Hang gliding 1974 part 3
This page continues from Hang gliding 1974 part 2.
Many of the images on this page are artistic derivations of contemporary photos. See Copyright of early hang gliding photos.
These photos of Roger Platt of Poole in Dorset, England, are by Roland Lewis-Evans, who was to become a leading hang glider sail-maker. Roger bought this glider from somebody in Brighton, Sussex, via an advert in the weekly periodical Exchange & Mart. We suspect that it is an early Skyhook with a replacement control frame and a stand-up webbing harness, like that made by Wasp in Surrey, rather than a Skyhook seat harness. Notice the absence of top rigging and the flapping of the distorted sail.
Roger previously manufactured surf boards. In keeping with the ‘surfing model’ of early southern California hang gliding, wittingly or otherwise, together with Pete Jordan, he started manufacturing hang gliders and harnesses under the name Kestrel Kites in Poole.
To impart a flavor of the difficulty in learning to fly a hang glider at this time, here is disillusioned New Zealand television producer John Veysey, who received his first hang gliding lesson in 1975. (What he refers to as the cross-bar is the control frame base tube)…
The two men had let go of the wing-tips and were shouting at me: “Pull the bar in! Pull the bar in!” With its nose facing upwards, the glider slowed to a halt. We had lost flying speed and it was too late for me to pull the bar in before the ground came up at us in a hurry. I lifted my feet high thinking I’d be air borne that much longer. My fingers, clenched round the cross-bar, took the full impact of the crash but my body plunged through the A-frame without injury.
“Very good, Very good.” said the instructor running up to me. He looked genuinely pleased. “Would you like another go?”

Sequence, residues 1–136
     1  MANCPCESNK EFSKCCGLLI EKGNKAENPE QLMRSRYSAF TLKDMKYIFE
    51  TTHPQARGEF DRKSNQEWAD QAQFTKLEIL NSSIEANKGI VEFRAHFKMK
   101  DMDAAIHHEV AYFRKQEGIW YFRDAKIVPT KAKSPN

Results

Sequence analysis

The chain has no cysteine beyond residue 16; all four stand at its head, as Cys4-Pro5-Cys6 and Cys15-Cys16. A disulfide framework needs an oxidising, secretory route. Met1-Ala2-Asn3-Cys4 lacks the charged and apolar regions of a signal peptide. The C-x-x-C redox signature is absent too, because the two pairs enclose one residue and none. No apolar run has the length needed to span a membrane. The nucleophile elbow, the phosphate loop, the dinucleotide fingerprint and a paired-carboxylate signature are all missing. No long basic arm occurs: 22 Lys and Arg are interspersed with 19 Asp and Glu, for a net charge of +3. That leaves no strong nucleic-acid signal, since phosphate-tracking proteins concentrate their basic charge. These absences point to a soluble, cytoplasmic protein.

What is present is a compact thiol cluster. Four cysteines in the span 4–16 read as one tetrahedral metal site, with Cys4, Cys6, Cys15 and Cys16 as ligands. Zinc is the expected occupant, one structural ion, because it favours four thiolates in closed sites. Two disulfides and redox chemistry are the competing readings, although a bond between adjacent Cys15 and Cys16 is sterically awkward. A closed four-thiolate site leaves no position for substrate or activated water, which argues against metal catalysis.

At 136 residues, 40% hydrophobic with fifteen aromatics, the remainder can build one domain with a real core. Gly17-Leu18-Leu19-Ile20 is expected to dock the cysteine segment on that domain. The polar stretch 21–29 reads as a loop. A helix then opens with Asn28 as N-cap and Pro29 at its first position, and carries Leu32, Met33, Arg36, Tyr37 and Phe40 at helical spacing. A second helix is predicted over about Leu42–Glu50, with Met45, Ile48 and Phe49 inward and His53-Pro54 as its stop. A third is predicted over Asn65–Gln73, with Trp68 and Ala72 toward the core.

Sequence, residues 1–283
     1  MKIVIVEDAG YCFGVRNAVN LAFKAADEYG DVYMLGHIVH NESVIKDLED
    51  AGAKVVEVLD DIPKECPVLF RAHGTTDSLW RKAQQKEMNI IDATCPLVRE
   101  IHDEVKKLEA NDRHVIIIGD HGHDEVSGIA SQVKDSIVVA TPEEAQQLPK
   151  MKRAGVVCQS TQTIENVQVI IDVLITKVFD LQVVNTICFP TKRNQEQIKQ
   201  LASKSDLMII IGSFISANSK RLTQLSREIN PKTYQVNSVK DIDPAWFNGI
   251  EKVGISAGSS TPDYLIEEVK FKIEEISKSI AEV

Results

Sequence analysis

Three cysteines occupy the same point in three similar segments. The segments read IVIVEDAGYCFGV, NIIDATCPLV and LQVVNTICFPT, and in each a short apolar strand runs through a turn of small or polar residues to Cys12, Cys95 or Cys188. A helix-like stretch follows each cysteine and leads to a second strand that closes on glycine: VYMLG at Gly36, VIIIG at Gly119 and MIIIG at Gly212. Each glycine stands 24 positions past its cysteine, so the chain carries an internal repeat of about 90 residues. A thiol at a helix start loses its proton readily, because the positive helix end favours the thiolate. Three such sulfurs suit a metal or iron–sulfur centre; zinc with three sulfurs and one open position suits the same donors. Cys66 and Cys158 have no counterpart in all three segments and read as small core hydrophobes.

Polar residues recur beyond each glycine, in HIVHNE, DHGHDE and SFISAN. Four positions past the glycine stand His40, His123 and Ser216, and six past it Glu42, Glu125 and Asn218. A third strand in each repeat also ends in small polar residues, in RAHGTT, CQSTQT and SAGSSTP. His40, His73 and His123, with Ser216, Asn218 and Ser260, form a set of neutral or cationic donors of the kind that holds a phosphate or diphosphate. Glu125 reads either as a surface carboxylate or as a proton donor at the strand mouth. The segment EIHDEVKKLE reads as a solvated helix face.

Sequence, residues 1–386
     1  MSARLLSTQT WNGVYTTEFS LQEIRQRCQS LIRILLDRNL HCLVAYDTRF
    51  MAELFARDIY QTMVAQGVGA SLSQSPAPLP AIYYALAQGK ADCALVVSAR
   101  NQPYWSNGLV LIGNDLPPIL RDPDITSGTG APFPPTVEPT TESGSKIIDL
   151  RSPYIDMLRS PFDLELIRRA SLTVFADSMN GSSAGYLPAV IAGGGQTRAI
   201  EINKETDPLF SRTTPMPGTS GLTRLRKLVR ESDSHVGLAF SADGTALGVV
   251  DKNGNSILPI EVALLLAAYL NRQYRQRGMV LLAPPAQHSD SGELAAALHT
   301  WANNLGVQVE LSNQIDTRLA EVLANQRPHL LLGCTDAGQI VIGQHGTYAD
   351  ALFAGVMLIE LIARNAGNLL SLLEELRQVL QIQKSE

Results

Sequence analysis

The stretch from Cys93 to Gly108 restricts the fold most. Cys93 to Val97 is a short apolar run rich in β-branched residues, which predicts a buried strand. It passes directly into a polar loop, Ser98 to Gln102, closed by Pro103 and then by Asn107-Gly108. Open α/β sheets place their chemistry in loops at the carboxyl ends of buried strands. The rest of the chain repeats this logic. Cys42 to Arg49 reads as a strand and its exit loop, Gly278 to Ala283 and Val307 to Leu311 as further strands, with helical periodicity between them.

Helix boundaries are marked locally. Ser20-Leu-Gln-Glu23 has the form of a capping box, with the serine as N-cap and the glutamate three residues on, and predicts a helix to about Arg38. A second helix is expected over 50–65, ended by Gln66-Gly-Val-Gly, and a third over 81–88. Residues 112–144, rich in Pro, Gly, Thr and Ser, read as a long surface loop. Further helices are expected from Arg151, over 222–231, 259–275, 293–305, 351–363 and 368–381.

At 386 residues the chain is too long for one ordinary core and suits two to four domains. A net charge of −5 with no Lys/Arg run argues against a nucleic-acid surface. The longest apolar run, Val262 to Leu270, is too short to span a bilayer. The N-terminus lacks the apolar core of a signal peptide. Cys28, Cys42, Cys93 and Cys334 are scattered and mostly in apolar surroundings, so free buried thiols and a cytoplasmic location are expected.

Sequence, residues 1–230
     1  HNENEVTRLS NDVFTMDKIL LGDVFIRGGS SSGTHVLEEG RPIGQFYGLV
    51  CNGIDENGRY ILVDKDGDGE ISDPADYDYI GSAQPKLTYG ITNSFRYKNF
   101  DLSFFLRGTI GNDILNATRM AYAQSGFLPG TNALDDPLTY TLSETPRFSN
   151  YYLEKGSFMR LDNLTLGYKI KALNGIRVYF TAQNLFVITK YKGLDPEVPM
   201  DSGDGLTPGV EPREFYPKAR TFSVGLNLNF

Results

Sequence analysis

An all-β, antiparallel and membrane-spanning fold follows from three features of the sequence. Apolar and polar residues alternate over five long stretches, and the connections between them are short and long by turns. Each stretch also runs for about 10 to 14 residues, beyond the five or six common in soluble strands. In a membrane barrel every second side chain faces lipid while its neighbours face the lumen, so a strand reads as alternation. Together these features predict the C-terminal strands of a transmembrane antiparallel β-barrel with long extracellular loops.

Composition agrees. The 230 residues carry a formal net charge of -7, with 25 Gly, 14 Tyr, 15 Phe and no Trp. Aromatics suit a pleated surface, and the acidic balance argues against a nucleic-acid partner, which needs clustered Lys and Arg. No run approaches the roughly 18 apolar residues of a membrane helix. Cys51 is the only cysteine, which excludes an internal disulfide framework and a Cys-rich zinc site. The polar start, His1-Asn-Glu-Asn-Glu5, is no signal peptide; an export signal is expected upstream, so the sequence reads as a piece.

“Yes. Yes please” I said.
— John Veysey via e-mail August 11th, 2020
Technical: Roger is clearly experiencing difficulty in getting the glider nose-down enough to gain adequate airspeed. The large amount of billow undoubtedly caused a forward center of lift, which would account for that. All these gliders seemed prone to lurching to one side or the other as a result of turbulence. That might be because of the pointed wing tips: Some years later, Rollin Klingberg discovered that the ‘stickiness’ of air molecules (so-called Reynolds number) causes airfoils of short chord — such as those at the tip of a standard Rogallo — (at the short spans and low airspeeds of hang gliders) to stall at a comparatively low angle of attack. It seems to me that could affect standard Rogallos even with their huge washout (wing twist). When batten-supported tip roach was introduced the following year, gliders so equipped seemed to me much better behaved (as well as being more efficient).
I (the original author of this web site) saw John Jenkins’ glider flying subsequently and I was struck by the way its thin rip-stop nylon sail rippled audibly–a kind of muted rustling–yet it seemed to perform at least as well as other hang gliders of the time.
Meanwhile, in the USA…
While these pages generally refrain from depicting the many variations of structure and wing shape that were tried at this time, this serves as an example of a reasonable adaptation that fell to the scythe of natural selection. It is one of two standard Rogallos of different manufacture at the same event where the control frame is shaped to better accommodate the pilot in a prone harness. As it turned out (reasoning retrospectively) the advantage, if any, was outweighed by the need to use stronger tubing (the down-tubes are under compression, so are ideally straight) as well as incurring higher manufacturing cost and more difficulty in folding it neatly alongside the main tubes in the glider’s de-rigged state (for transporting and storage).
For more images and links to film and photos taken at this event, see Elberta Dune, Michigan, July 1974.
Many pilots in these early days only gradually became aware that hang gliding was not like off-road bike riding where, if you came off, your chances of being seriously hurt were slight. (I had already been hospitalised before even getting off the ground. Have you ever seen the workings of a knee joint — your own — between the exposed thick skin and muscle of a horizontal gash? I do not recommend it.)
To illustrate the point, here is an excerpt from Larry Fleming’s delightful little account of the early days of hang gliding in the USA:
Sometimes pilots attempt a three sixty in front and below the cliff and end up misjudging the distance. They would plow into the sheer wall with a twenty-five mile an hour wind pushing their thirty mile an hour glider at fifty-five miles an hour ground speed. It was like a fly hitting a windshield on the freeway. The pilot’s body took most of the impact, the wing tore and slid down the cliff side in a twisted mess of broken tubing and flapping sail with not even a scream coming from the pilot above the noise of the pounding surf because his brain had been smashed.